June 17, 2016

Twelfth Sunday in Ordinary Time / Msgr. Owen F. Campion

The Sunday Readings

Msgr. Owen CampionThis is Father’s Day in the United States, first envisioned by a woman attending services at an Episcopalian church in 1909 in Spokane, Wash., on Mother’s Day. She thought similar recognition was due fathers, so eventually this day came to be.

Rare would be the parish liturgy that failed to note Father’s Day, but the Liturgy of the Word was composed for the entire world and for many people who do not observe American holidays. So the readings are not strictly for Father’s Day, but they coincidentally have a theme not far removed from what we venerate in good fatherhood.

The first reading is from the Book of Zechariah, who was from a priestly family, born in Babylon during the Israelite’s exile there in sixth-century B.C. He began to prophesy as a young man.

Zechariah called the people of his time to faithfulness and to obedience to God’s law. He also reminded the people of God’s love and goodness.

This reading refers to an unnamed victim of the destruction of Jerusalem. This victim will be greatly mourned. The victim was uncompromisingly true to God.

Pious Christians have seen in the reading a reflection Jesus, the Son of God and Redeemer, loyal to God to the end.

Next, the Church presents a lesson from St. Paul’s Epistle to the Galatians. It states that each believer is a brother or sister of Jesus through his incarnation. Each believer has been “clothed” with Christ, intimately and indelibly bonded with God, in Christ.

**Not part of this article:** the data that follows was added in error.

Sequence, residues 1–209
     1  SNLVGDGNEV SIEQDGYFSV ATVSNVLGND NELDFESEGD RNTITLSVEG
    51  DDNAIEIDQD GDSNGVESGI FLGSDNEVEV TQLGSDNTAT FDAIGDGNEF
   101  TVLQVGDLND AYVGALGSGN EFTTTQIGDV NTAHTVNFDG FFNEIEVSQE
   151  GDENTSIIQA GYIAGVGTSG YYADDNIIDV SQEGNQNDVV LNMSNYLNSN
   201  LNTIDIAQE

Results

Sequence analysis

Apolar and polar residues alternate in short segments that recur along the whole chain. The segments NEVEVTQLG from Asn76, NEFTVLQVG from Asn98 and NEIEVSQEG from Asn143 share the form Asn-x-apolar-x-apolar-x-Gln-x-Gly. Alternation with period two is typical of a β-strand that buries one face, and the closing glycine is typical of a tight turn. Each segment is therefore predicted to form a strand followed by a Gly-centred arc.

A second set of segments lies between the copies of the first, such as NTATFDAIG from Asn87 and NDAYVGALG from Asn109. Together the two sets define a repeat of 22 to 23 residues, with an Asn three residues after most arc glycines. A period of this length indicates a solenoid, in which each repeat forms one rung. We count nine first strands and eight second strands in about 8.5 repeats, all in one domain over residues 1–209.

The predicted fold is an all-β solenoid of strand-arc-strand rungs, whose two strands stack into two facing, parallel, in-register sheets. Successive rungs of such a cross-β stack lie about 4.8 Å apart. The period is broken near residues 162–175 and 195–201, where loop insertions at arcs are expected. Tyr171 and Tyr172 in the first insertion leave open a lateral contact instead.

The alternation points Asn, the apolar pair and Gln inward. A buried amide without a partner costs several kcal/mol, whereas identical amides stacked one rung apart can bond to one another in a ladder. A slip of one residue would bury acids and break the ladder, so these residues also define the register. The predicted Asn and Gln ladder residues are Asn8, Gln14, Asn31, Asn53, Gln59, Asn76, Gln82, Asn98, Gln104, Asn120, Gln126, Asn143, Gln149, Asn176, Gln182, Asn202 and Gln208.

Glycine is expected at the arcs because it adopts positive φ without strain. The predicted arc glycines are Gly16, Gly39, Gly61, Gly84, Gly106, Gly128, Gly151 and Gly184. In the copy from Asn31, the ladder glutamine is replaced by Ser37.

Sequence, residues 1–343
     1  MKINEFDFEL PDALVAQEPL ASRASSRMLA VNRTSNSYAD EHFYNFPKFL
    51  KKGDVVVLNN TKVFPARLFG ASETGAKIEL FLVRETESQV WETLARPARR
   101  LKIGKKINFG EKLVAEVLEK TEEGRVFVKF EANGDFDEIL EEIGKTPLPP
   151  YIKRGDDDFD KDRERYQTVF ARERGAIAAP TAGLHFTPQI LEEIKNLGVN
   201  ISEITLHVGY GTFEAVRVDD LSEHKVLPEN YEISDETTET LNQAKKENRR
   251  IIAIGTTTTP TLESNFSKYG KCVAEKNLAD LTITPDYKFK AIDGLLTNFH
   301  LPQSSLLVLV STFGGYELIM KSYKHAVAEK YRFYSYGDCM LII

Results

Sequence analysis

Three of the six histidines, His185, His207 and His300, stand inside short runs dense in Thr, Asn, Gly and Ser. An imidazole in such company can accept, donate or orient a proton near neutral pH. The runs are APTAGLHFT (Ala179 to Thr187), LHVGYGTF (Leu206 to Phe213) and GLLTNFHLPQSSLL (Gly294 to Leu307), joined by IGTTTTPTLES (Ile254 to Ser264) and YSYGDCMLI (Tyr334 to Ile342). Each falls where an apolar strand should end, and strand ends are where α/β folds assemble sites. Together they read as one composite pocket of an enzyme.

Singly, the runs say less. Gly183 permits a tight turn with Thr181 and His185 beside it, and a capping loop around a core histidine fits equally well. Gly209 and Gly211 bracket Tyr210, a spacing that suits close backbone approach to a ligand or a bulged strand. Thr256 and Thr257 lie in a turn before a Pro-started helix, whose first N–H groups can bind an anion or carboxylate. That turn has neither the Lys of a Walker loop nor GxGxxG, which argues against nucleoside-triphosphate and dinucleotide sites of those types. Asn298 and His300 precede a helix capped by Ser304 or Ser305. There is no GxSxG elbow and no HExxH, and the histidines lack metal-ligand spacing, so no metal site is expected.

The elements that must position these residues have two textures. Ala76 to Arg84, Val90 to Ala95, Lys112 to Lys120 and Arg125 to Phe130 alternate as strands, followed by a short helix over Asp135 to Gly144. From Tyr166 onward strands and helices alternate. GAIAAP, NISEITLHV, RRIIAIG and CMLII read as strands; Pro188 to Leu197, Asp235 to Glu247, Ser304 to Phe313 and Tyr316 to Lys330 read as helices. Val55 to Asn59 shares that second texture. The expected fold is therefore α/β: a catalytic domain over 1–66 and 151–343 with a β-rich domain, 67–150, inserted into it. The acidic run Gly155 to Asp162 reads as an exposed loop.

St. Luke’s Gospel is the source of the last reading. In this passage, Jesus asks how the Apostles view him. Peter replies that Jesus is the “Messiah of God” (Lk 9:21). Peter’s confession on faith in Jesus reveals two important catechetical points.

The first is that Peter spoke for the Twelve. The Gospel recorded Peter’s statement. Secondly, Peter was inspired and wise enough to recognize Jesus. We need go no farther than the four Gospels to find evidence of Peter’s importance in the unfolding of salvation in Jesus.

The Lord then declares that true discipleship is more than a warm feeling of somehow vaguely being connected with him, or admiring him. Instead, it is a wholehearted identification with the Lord, verified by literally walking with Christ through the difficulties of life. Each true disciple must also carry the cross as Jesus carried the cross.


This weekend in the United States we celebrate Father’s Day. The readings provide an idea of the goodness to us of God, the eternal Father.

The first reading was from Zechariah. Born when Jews were held in captivity in a foreign, hostile environment, Zechariah benefited from being in the generation that was released from this captivity, and was able to return to the Jewish homeland. He and his contemporaries never saw this release as the result of mere luck or coincidence. Rather, in their minds, God rescued them.

Galatians obliquely refers to God’s love. God sent Jesus to humanity. In Jesus, humans can become nothing less than heirs to eternal peace. In Jesus, humans become brothers and sisters of the Son of God, with God their Father in a most special sense.

St. Luke’s Gospel further describes Jesus as God’s gift. As said by Peter, the Lord is the Messiah. He frees us from our sin.

God loves us as a perfect, loving, forgiving and providing Father, but God’s love does not render us helpless, unable to decide for ourselves. We must turn to God, with true conviction, even if it means carrying our own crosses.

Even if we carry our cross, our loving Father will assist us with the divine help of Jesus and will give us everlasting life at the end of our earthly struggle. †

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